Thermal Road Repairs (TRR) has been developing and improving its thermal – and other – technology for over five years. It hasn’t been an easy journey from great idea to thriving business, but it has been a dynamic one.
Below, we share some of the lessons we learned along the way:
1. Be flexible
What happens if you are developing your product, and another possibility pops up along the way? Our advice would be to be open minded; branch off if it makes sense.
The TRR process grew from the idea for a machine that fixed the longitudinal joints between lanes on motorways. The first machine was quite unwieldy and took time to set up; now we have heaters mounted on the side of a unit that can drive slowly along, heating the joint as they go.
But part way through the R&D process for that system, another application became apparent: repairing potholes, cracks and other defects. Today, there are more TRR pothole repair units out on the road than longitudinal joint repair units – although the balance may swing back now that the technology has all the appropriate permissions for National Highways work.
2. Find allies
Finding the right companies and people to work with – whether up or down the supply chain – can be the key to success or failure. TRR has employed some great engineering minds to work on our technology and has also had great support and feedback from its customers.
In the earlier days of development, main contractor Kier, which has a culture that nurtures new ideas, was an enthusiastic supporter of our technology. And their subcontractor at the time, Associated Asphalt, provided feedback and input which helped us to improve and develop our system. We still enjoy working with both companies today.
3. Don’t underestimate investment
One of the most difficult things for SMEs is securing the funding needed to take an idea through to commercial fruition. Getting shareholders and investors onboard means being able to articulate clearly where you are going and why.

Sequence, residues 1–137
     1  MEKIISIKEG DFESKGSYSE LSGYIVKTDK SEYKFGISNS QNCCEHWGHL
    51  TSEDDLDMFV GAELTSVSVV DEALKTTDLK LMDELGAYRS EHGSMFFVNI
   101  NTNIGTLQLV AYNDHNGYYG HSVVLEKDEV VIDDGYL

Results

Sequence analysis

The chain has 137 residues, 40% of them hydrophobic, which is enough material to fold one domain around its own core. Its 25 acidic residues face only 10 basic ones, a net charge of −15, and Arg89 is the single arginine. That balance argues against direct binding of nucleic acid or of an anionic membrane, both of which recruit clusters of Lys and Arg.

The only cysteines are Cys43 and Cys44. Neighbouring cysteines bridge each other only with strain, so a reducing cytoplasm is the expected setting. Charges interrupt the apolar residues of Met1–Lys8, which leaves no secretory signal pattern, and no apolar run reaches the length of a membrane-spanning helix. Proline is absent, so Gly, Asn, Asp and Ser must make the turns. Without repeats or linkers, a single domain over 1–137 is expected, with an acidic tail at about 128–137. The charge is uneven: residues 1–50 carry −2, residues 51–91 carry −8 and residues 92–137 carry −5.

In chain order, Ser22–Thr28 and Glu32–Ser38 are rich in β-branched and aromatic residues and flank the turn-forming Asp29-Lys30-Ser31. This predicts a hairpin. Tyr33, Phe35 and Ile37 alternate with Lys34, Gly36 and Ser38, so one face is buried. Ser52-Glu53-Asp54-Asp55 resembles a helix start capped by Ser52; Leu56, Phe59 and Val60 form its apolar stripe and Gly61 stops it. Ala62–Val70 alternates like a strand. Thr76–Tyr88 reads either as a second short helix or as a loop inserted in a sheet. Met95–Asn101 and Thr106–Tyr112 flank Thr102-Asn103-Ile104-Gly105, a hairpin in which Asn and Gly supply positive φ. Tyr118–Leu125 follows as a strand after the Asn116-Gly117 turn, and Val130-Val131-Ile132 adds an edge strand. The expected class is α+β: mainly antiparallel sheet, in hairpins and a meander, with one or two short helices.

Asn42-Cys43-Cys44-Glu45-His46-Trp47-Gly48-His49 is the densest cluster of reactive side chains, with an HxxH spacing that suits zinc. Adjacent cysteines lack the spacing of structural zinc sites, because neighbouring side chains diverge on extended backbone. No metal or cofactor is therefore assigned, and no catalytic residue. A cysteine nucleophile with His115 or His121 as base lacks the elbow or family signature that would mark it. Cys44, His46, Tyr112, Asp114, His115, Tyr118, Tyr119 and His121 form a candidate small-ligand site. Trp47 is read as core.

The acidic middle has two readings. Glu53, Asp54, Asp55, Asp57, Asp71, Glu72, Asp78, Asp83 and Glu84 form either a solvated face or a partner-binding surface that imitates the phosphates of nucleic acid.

At TRR, we have already invested hundreds of thousands of pounds in R&D. We are fortunate that all of this has come from our shareholders, who are fully committed to the TRR vision.
Don’t forget about R&D tax credits. If you are spending on innovation, you can claim this to receive a cash payment or a reduction in corporation tax.
4. Ready for red tape
As well as the resource needed to physically develop and test new products and equipment, don’t forget to factor in the investment of both time and money which is needed to deal with bureaucracy. This could include the lengthy and expensive process of applying for and achieving a patent – we finally received ours in March 2021 – and going through sometimes long and tortuous approval processes with road owners.
5. More value
Once you have that innovation mindset, it’s surprising how thick and fast new ideas for improvements come. But how do you choose which ones to pursue? Our advice would be to listen to your customers – and their customers – and choose developments that add value for them.
At TRR, we have tried to focus our changes and updates on making our process even lower carbon, and more friendly for both operatives and people nearby. For instance, we upgraded our solar technology to make the charging of our heaters more efficient, and we have vastly reduced the use of tools that can cause HAVS (hand arm vibration syndrome) and noise nuisance.
And it doesn’t stop. Today we have new developments in the pipeline which will lower our carbon footprint even further.
Thermal Road Repairs is a green technology company which supplies systems to improve the quality, cost and time efficiency of road repairs and paving – at a far lower environmental cost than traditional methods. We invest significantly in R&D, to create new technologies and to continuously improve our existing ones.
High output. Low emission. Permanent solution.